In hindsight, Francis Fukuyama was mistaken in his 1989 claim that we were witnessing “the end of history.” In many ways, the 1990s became little more than a fleeting dream. The end of the Cold War, the establishment of democratic regimes beyond the Iron Curtain, the resolution of conflicts in various places around the world — from South Africa to Northern Ireland — the Oslo Accord between Israel and the Palestinians and the peace agreement between Israel and Jordan, all of that was little more than a brief historical interlude. More and more countries came to prefer “strong men” as leaders over governments rooted in the rights of the individual and collectives that make up society, in compromise, understanding and in heeding the will of the public, and of course, in regular regime change. Similarly, undemocratic regimes such as in Russia and China, which originally showed signs of liberalization and openness, began moving backward. Meanwhile, it seemed as if the public had made peace with this trend and even seemed to prefer it. People came to believe that this was the best way to ensure law, order and national pride, even if it came at the expense of freedom of expression, freedom of association and freedom of movement.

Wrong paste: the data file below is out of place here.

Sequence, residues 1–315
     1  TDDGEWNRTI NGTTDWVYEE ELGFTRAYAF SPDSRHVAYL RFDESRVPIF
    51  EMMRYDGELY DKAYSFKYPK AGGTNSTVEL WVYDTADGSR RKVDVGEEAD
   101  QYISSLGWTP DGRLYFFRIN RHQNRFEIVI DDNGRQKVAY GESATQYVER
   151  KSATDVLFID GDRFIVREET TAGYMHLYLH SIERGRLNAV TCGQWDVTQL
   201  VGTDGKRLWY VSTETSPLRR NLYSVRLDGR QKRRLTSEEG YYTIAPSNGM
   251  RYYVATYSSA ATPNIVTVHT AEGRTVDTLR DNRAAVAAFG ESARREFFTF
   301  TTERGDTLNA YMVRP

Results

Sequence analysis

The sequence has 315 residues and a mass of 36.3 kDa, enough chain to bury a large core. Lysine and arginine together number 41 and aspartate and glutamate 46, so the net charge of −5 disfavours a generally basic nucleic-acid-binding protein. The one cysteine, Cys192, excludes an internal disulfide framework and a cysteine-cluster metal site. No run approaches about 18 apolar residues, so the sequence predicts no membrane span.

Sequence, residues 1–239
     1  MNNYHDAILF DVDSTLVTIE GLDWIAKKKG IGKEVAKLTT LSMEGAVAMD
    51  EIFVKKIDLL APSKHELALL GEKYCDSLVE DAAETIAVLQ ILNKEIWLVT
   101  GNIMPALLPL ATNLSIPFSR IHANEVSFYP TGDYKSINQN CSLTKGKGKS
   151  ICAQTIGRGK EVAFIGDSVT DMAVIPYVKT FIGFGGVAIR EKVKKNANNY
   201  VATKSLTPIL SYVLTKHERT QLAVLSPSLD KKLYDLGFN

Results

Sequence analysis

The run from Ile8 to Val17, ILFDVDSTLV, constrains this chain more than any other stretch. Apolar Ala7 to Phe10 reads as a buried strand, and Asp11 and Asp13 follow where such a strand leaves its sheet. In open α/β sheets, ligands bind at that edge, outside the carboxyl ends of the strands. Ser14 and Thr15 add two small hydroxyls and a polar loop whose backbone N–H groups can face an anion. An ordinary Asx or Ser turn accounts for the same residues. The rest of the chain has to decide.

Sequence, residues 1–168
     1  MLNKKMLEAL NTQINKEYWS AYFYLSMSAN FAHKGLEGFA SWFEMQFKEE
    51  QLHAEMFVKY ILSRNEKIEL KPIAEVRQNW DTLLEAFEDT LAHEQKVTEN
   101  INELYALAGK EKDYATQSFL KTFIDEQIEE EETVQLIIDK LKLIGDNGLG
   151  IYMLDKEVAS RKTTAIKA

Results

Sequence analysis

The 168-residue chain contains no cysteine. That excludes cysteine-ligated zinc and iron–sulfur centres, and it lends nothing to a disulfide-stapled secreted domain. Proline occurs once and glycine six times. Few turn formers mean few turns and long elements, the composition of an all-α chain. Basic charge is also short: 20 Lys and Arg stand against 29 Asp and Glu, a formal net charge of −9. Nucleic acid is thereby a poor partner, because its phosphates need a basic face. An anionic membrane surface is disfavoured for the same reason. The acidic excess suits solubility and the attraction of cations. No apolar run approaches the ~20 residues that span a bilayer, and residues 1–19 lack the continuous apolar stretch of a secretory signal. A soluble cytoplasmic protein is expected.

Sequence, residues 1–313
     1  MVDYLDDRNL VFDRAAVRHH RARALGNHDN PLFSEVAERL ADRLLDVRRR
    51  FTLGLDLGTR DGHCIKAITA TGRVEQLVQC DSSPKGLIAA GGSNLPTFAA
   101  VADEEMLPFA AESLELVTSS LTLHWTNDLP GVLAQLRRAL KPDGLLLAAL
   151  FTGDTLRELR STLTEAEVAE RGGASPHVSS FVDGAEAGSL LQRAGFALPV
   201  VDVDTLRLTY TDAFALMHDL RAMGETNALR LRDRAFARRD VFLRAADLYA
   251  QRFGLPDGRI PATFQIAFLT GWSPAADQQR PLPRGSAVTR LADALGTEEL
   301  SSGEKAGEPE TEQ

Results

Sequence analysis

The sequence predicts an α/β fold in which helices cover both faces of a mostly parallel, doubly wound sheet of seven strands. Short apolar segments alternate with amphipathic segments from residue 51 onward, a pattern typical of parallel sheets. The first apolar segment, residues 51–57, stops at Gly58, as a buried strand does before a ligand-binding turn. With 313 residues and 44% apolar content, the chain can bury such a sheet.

There are several permanent components of the Israeli regime, which prevent it from climbing to the highest rankings of the various democratic indices. Two of these have been present since the state was founded. The first is the set of laws surrounding marriage and personal relationships, which are dominated by religious law (or in other words, there is no separation of Church and State). The second is the fact that even though the 1947 United Nations’ partition plan obligated Israel (the state to be) to approve a constitution — and Israel itself committed to do so in its Declaration of Independence — a written constitution has never been legislated. Instead, it has been replaced by a handful of Basic Laws, some of which have no place in a real constitution. Furthermore, it is hard to imagine the kind of political constellation, which would make it possible for the Knesset to approve any constitution whatsoever.